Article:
I’m finally getting around to reading Mindstorms by Seymour Papert. I’ve enjoyed his writing before so was looking forward to this seminal work on computing education. I’m surprised by the first chapter though.
In a typical experiment in combinatorial thinking, children are asked to form all the possible combinations (or “families”) of beads of assorted colors. It really is quite remarkable that most children are unable to do this systematically and accurately until
they are in the fifth or sixth grades. Why should this be? Why does this task seem to be so much more difficult than the intellectual feats accomplished by seven and eight year old children? Is its logical structure essentially more complex? Can it possibly require a neurological mechanism that does not mature until the approach of puberty? I think that a more likely explanation is provided by looking at the nature of the culture. The task of making the families of beads can be looked at as constructing and executing a program, a very common sort of program, in which two loops are nested: Fix a first color and run through all the possible second colors, then repeat until all possible first colors have been run through. For someone who is thoroughly used to computers and programming there is nothing “formal” or abstract about this task. For a child in a computer culture it would be as concrete as matching up knives and forks at the dinner table. Even the common “bug” of including some families twice (for example, red-blue and blue-red) would be well-known. Our culture is rich in pairs, couples, and one-to-one correspondences of all sorts, and it is rich in language for talking about such things. This richness provides both the incentive and a supply of models and tools for children to build ways to think about such issues as whether three large pieces of candy are more or less than four much smaller pieces. For such problems our children acquire an excellent intuitive sense of quantity. But our culture is relatively poor in models of systematic procedures. Until recently there was not even a name in popular language for programming, let alone for the ideas needed to do so successfully. There is no word for “nested loops” and no word for the double-counting bug. Indeed, there are no words for the powerful ideas computerists refer to as “bug” and “debugging.”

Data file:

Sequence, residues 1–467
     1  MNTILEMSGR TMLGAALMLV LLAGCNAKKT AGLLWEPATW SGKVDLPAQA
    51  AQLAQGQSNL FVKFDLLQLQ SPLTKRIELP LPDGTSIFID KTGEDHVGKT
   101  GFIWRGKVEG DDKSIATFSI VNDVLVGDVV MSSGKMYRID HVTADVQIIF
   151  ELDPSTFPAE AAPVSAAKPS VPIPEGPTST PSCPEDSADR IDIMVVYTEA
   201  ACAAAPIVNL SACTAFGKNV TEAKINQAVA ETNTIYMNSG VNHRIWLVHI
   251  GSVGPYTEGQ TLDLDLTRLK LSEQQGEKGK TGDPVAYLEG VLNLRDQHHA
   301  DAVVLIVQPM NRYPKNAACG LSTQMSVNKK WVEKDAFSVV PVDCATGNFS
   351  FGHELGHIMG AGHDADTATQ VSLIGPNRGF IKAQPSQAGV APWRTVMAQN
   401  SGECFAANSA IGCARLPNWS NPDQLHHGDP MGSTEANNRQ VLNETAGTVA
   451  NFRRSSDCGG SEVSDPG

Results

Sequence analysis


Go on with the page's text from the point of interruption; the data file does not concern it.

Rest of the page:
This just seems really a strange point of view. People have been making combinations of beads for a very long time, surely. Clearly “nested loops” are extremely common in textiles, and the double-counting bug simply doesn’t arise when sorting beads physically, unless you treat them as ordered pairs… and surely this kind of mathematics is very old. The text continues to describe all this as a new style of thinking, arguing that this is the first time we have the tools to think about thinking… Just what??
I’ll carry on reading but would love to hear what others think about the book, or join folks for a reading group discussion around the book if some of you aren’t completely zoomed out by now…